Smoking Relapse: This is How it Happens

A Personal Smoking Relapse Account

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I'd like to introduce you to C, a member of our smoking cessation support forum

C recently learned the lesson of where smoking just one cigarette leads us once we've quit. Anyone who has suffered a smoking relapse will identify with her poignant account.

Knowledge is power, folks. Learning from our missteps along the way helps us succeed in the long run.

Thank you for sharing your story so honestly, C. There is no such thing as just one cigarette and your account helps us all remember that.

From C:

I quit smoking on April 5th with only minor bumps and bruises. I was passionate about it. Having never really tried to quit before, I was proud of myself. 

On June 9th, my husband's brother and his wife came down for a week. They smoke. I was cool not smoking. I had hung out with smokers before with no problem. Then we stayed up late one night, drinking.

My husband (who had quit smoking in March) told me that night that he was close to caving. I told him that we would split a cigarette - just for the heck of it. But just one and that would be it.

I went into the house to use the washroom and a little voice inside my head said, "don't do it." ... but I told that little voice that it would only be one.

Well, we had that one, and then talked some more. At one point I looked at my husband and he was smoking a second cigarette.

"YOU'RE SMOKING!" I said. "Well, give me one then," was what came out of my mouth next.

A little voice inside said "don't do it," but I told that little voice that it would only be one more.

The next day my son's school phoned and we had a somewhat stressful phone conversation. I went out to where my mother-in-law was smoking and grabbed a puff off of her cigarette. A little voice inside said "don't do it," but I told that little voice that it was only one puff.

And then I thought ... well, I have already had a puff, might as well have a cigarette. So I decided that I would only smoke for 24 hours and that would be it.

Then we had a family get together at our house. Many of my husband's relatives were there, and yes, it was stressful. I decided that smoking for a weekend wouldn't be a huge deal ... would it? That little voice piped up and said "don't do it," but I was already doing it.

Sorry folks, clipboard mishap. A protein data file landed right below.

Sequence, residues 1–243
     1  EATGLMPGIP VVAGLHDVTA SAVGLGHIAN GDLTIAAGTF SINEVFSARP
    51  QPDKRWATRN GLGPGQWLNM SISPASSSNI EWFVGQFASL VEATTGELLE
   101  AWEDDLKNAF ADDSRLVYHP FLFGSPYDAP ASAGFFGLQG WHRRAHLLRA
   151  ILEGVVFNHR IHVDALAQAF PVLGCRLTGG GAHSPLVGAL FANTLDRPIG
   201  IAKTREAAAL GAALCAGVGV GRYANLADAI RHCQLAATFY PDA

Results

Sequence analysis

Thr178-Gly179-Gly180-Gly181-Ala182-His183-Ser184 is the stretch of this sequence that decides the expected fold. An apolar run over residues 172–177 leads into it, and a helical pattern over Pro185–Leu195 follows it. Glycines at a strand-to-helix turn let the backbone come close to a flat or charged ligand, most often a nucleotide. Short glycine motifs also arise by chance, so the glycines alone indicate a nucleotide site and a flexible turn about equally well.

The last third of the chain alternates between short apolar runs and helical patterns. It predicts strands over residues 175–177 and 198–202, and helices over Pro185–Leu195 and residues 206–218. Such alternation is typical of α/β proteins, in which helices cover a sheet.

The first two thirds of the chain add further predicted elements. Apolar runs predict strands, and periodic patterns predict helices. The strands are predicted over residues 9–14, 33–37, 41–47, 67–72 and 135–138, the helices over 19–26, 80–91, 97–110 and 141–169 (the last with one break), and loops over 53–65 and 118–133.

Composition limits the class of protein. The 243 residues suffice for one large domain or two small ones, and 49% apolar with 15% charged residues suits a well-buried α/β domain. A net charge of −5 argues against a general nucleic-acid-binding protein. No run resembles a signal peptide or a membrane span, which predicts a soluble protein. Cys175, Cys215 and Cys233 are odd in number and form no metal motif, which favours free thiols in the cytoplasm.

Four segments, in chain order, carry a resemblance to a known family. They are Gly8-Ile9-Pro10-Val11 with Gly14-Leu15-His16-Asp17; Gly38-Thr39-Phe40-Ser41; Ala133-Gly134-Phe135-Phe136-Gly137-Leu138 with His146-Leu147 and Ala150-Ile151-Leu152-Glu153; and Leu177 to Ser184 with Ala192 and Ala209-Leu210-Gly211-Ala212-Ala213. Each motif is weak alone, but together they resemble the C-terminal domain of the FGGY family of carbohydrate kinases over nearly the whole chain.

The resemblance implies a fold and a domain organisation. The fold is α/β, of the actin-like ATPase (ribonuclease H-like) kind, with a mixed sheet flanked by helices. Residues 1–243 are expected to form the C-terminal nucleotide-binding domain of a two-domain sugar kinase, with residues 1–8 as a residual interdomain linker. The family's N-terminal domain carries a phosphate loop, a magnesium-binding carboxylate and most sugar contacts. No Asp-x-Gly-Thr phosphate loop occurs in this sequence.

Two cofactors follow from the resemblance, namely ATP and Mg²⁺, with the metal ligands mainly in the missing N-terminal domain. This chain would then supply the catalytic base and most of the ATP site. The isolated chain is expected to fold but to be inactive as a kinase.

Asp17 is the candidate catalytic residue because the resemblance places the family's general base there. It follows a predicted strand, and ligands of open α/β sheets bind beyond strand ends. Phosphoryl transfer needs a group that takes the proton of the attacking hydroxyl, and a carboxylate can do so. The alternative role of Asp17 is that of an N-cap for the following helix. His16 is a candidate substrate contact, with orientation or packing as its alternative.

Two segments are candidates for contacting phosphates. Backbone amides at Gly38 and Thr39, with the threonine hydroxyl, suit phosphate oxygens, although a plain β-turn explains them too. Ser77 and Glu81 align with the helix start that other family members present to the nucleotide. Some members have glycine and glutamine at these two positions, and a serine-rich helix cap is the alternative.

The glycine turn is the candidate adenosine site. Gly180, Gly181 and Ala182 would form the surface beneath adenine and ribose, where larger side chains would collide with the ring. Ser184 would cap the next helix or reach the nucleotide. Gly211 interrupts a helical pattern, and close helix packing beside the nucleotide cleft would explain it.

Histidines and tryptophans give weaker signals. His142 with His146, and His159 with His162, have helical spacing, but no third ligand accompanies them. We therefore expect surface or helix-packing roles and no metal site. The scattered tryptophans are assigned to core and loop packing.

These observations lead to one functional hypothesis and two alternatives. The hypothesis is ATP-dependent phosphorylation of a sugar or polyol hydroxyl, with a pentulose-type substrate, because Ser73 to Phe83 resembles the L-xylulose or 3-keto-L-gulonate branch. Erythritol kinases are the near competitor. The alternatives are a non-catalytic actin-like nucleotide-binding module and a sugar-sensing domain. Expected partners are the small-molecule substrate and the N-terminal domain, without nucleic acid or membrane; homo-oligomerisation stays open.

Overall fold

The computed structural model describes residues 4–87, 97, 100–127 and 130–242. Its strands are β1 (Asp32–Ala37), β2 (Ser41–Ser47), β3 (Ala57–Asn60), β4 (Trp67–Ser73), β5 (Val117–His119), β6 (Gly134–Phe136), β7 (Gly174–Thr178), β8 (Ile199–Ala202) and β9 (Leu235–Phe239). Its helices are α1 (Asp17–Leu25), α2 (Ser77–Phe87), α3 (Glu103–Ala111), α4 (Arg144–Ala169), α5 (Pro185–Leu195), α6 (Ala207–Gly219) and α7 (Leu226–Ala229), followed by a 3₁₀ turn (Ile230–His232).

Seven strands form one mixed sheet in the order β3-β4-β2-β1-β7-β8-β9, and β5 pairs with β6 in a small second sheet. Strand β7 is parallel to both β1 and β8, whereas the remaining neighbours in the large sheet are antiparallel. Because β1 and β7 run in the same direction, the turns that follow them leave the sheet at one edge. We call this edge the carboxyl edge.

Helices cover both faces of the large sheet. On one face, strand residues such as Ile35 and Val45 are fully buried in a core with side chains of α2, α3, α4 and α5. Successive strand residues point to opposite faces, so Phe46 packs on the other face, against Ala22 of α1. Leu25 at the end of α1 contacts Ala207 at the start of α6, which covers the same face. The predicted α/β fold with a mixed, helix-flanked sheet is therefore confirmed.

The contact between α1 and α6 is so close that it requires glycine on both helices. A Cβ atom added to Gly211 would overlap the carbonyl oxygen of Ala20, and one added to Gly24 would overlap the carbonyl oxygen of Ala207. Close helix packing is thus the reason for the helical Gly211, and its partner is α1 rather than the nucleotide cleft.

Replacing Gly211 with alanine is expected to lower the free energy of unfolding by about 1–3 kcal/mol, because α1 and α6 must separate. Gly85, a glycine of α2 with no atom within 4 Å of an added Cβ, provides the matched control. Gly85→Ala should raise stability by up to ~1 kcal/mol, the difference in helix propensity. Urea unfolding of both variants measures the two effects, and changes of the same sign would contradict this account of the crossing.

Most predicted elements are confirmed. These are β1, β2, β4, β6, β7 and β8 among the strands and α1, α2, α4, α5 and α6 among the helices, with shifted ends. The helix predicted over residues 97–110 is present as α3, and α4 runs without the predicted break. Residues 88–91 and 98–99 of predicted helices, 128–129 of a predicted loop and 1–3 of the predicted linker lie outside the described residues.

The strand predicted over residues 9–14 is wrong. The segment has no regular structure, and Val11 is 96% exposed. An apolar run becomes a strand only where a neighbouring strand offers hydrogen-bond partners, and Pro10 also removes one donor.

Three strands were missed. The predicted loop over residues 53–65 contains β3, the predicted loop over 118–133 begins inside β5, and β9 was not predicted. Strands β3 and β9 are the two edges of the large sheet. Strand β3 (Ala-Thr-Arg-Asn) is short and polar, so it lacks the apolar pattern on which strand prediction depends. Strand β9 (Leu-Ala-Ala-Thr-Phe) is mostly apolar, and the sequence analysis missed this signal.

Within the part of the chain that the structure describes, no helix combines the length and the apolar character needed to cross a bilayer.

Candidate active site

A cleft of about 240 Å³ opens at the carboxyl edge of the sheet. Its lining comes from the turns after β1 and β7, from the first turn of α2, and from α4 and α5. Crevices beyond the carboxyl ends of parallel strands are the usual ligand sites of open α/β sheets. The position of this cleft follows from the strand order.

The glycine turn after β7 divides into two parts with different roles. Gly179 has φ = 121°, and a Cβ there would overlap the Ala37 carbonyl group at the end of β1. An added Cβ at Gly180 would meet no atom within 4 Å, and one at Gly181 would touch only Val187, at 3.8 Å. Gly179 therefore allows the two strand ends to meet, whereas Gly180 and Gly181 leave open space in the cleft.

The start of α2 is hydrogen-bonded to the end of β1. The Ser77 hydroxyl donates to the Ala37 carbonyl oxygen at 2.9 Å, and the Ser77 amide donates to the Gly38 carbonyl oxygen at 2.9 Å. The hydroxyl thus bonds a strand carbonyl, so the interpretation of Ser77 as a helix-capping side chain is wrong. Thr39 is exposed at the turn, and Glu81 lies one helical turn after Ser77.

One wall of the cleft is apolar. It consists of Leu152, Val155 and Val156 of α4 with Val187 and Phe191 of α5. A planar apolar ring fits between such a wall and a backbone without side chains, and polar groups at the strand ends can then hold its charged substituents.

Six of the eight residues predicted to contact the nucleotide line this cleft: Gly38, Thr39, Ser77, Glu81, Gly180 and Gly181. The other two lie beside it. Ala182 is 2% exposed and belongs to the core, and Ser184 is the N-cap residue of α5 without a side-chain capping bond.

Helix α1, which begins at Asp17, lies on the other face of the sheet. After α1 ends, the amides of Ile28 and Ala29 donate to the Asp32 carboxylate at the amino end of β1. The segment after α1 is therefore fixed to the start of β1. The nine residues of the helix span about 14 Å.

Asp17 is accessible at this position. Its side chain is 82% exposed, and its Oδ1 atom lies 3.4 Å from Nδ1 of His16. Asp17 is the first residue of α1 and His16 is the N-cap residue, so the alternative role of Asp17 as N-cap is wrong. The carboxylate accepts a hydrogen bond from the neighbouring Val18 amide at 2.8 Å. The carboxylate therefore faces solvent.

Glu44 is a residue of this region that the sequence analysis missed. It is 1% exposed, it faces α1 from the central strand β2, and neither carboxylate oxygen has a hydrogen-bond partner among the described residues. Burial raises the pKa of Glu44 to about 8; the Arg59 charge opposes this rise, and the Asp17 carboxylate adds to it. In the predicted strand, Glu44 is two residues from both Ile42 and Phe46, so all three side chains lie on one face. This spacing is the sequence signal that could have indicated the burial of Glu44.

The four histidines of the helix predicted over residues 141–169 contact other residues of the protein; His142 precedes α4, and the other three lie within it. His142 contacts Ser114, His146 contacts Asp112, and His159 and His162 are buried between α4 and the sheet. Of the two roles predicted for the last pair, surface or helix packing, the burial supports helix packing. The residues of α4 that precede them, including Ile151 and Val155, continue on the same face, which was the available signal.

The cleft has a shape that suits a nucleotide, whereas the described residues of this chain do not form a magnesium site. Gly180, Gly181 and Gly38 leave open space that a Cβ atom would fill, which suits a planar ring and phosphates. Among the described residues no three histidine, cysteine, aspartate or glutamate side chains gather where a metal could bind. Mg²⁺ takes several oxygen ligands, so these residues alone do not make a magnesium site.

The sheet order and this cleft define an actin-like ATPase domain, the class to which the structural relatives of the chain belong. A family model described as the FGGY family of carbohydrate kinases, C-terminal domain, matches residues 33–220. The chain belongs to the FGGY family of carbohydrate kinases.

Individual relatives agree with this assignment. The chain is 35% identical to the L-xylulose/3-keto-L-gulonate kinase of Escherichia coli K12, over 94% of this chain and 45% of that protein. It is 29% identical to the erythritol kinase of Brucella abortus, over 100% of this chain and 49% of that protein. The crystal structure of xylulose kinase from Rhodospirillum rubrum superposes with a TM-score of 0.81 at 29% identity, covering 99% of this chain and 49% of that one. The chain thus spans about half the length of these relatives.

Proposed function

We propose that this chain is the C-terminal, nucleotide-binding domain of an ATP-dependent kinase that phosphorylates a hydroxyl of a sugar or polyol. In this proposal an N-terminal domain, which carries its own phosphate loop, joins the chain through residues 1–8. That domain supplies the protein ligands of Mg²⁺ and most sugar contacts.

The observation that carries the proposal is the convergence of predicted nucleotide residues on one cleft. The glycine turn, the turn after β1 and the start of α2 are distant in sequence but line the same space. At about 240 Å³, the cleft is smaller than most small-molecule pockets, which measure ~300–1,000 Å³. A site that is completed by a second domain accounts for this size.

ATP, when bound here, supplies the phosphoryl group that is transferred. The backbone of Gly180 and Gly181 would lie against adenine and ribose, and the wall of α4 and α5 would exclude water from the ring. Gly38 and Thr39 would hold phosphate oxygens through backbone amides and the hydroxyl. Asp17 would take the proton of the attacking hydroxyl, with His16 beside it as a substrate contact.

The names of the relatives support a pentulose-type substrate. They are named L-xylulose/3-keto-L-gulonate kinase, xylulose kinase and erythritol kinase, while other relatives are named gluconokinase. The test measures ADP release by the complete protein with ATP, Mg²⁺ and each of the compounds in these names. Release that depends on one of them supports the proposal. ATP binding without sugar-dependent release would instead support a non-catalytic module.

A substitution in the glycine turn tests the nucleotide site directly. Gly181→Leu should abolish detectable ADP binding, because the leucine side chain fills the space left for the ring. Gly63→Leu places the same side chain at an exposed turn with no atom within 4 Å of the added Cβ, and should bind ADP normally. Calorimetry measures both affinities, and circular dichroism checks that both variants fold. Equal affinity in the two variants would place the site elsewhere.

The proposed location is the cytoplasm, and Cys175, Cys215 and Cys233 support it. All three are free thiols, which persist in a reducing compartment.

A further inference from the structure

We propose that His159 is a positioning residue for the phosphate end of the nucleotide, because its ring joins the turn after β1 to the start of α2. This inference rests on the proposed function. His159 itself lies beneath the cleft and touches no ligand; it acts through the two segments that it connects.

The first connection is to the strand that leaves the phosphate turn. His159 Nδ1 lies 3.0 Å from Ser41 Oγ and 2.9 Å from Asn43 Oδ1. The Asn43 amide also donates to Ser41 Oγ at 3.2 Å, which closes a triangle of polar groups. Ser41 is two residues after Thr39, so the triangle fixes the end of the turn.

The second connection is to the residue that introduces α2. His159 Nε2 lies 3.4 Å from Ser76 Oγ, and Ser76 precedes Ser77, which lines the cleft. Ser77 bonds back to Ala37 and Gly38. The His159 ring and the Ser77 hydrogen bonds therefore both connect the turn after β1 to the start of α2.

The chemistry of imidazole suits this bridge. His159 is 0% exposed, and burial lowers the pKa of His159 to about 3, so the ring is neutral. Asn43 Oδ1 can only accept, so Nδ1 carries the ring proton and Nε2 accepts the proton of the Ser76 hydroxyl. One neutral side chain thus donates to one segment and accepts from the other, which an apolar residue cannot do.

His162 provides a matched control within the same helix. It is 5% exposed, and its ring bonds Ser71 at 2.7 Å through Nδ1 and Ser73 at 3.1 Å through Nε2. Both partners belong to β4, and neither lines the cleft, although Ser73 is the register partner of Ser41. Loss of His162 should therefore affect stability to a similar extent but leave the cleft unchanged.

My husband's brother and wife stayed for a week. We laughed together and drank together and talked and SMOKED. It was almost like I would feel like a hypocrite NOT smoking when I HAD smoked. I decided that once they left that would be IT. No more smoking.

Unfortunately, by the time they left, I had become a full-fledged closet smoker. I couldn't tell my husband (he quit the day after that first night of smoking), and I couldn't tell my son (who still doesn't know). I couldn't really tell anyone.

I would go to work with three cigarettes and smoke them almost at the same time. I gradually took more and more and then felt bad for taking smokes from my mother-in-law, so I bought a pack ... and then another ... and then another ...

And (say it with me, folks) a little voice said "don't do it," every time, but I told that voice that each pack was my LAST pack, so it really didn't matter.

Now I am here.

I am drowning my cigarettes tonight and am ready to grit my teeth and get through it.

A little voice in my head is saying, "DO IT!"

I suppose my point is that I MADE A CONSCIOUS DECISION EACH AND EVERY TIME I SMOKED. I didn't just fall off the wagon, I leaped off the wagon. Consciously.

I need to remember this.


A Word from Verywell

The steps that lead to a smoking relapse are always fueled by the decisions we make. However, once we reintroduce nicotine into our bodies, we replace choice with compulsion and we're back on the road to full blown nicotine addiction once again.

Realizing this is a key step in breaking the cycle of junkie thinking that nicotine addiction puts us in.

Own your actions and you'll empower yourself to change them.

If you're an ex-smoker who has slipped and smoked, or is struggling with thoughts of smoking, revisit your reasons for quitting and use the tools for early smoking cessation to help you get over the bump in the road you're experiencing. 

It takes time to heal from nicotine addiction, so don't become discouraged when smoking urges surface months into cessation. You'll get there just as surely as the next person as long as you give yourself the time needed to let go of the many associations that are made over the years between smoking and your life.

Be patient and stick with it. Smoking cessation is well worth the effort it takes to achieve.

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